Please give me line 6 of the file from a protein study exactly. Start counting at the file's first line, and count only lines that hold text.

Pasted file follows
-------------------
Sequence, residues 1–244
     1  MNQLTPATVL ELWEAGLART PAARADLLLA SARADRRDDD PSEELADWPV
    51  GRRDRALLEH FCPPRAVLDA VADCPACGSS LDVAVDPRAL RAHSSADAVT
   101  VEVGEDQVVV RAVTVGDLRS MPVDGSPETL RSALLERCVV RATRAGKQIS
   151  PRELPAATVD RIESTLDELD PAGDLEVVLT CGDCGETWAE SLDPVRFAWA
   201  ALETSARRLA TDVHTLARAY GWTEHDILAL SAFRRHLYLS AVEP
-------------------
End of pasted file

   201  ALETSARRLA TDVHTLARAY GWTEHDILAL SAFRRHLYLS AVEP